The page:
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Complexity of facial communication in crested macaques (Macaca nigra)

Peter Clark, PhD student, Department of Psychology, University of Portsmouth, UK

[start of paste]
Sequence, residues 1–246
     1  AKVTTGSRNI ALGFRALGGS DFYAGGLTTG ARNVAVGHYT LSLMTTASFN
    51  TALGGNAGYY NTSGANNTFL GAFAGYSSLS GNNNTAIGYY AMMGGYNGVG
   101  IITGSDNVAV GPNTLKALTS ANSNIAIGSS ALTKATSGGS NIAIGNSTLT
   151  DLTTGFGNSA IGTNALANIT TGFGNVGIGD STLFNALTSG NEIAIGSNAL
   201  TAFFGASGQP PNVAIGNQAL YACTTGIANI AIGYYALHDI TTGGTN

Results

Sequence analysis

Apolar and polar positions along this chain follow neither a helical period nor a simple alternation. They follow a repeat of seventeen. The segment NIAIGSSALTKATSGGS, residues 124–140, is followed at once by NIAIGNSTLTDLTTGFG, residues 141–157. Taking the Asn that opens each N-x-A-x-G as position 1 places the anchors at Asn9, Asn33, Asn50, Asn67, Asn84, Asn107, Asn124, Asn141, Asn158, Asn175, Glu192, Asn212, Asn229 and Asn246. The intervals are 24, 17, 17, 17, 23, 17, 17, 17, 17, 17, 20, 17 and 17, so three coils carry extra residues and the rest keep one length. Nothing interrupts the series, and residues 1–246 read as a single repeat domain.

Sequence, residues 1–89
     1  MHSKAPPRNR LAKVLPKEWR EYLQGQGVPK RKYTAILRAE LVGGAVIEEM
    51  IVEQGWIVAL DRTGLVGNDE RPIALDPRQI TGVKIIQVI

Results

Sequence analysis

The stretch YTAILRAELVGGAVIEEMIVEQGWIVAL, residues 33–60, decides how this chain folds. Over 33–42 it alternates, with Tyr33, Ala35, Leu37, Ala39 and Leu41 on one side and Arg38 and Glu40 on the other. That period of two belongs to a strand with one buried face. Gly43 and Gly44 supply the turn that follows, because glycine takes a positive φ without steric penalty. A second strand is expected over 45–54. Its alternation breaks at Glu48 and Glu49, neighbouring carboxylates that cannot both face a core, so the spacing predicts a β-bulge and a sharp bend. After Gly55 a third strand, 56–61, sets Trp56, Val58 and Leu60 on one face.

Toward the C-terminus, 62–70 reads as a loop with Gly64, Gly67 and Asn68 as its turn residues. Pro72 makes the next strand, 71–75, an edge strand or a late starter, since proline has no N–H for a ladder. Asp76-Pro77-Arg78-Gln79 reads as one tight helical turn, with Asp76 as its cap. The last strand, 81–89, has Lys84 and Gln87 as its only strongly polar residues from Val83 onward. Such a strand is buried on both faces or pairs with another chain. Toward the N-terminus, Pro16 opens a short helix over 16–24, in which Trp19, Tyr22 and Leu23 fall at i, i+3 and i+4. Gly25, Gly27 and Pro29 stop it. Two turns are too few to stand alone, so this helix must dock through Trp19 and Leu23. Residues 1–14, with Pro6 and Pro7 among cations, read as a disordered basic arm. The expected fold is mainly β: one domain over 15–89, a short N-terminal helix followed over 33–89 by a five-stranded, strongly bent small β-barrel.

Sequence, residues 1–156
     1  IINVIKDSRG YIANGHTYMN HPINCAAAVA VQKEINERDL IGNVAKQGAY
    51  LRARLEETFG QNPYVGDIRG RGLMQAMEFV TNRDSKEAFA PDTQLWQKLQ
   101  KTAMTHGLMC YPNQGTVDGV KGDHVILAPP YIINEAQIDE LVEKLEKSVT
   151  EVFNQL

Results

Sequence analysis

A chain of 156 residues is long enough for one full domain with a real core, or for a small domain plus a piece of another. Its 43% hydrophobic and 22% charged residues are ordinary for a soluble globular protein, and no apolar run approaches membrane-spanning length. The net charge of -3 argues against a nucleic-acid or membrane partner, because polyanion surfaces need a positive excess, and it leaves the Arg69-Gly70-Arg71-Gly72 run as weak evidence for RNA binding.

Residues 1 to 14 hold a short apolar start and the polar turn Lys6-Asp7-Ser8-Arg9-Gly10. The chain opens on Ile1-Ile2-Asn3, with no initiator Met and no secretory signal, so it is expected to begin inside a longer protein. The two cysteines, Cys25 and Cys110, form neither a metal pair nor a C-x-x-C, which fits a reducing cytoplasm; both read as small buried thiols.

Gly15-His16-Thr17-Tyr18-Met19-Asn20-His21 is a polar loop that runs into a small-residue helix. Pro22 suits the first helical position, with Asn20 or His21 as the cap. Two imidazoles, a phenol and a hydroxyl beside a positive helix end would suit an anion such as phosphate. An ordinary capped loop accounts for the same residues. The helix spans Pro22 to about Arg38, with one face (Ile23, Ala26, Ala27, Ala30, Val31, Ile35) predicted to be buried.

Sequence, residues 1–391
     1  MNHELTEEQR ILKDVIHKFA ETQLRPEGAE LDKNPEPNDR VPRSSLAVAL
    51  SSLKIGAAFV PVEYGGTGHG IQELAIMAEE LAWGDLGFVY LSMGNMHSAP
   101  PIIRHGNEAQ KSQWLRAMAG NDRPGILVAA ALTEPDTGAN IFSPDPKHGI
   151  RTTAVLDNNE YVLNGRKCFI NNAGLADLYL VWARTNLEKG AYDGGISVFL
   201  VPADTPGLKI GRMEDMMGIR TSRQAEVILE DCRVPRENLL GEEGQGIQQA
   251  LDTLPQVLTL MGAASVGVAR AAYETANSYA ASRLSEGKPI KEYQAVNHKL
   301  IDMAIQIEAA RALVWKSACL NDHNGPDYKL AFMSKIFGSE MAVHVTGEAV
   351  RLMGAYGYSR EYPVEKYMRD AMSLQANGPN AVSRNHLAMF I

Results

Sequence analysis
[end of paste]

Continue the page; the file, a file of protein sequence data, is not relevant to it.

In order to investigate why humans communicate in such complex ways, it is informative to make comparisons with, and between, other primates. The social complexity hypothesis proposes that humans’ advanced cognitive abilities, including our unparalleled communicative ability, have arisen due to the challenges, and selective pressure, of living in large, complex social groups. This hypothesis predicts that in primates with more complex social groups, communication systems, such as the use of facial expressions, are also more complex. Measures of facial communicative complexity used to test this prediction have generally relied upon simply counting the number of distinct signals present in a species’ repertoire; this is arguably an over-simplification, since a single facial expression may differ in form and function between or within species, and this approach ignores blending and grading of signals. In applying the Facial Action Coding System to crested macaques, I will quantify objectively and at high resolution the form of facial expressions used in this species, and subsequently, through detailed observation of social behaviour, compare the expressions’ form in different behavioural contexts. I will also compare the use of facial expressions between crested and rhesus macaques: these two species have different social styles, with the social system of crested macaques being more complex. Therefore, comparing the communicative complexity of crested and rhesus macaques will serve as a direct test of the social complexity hypothesis.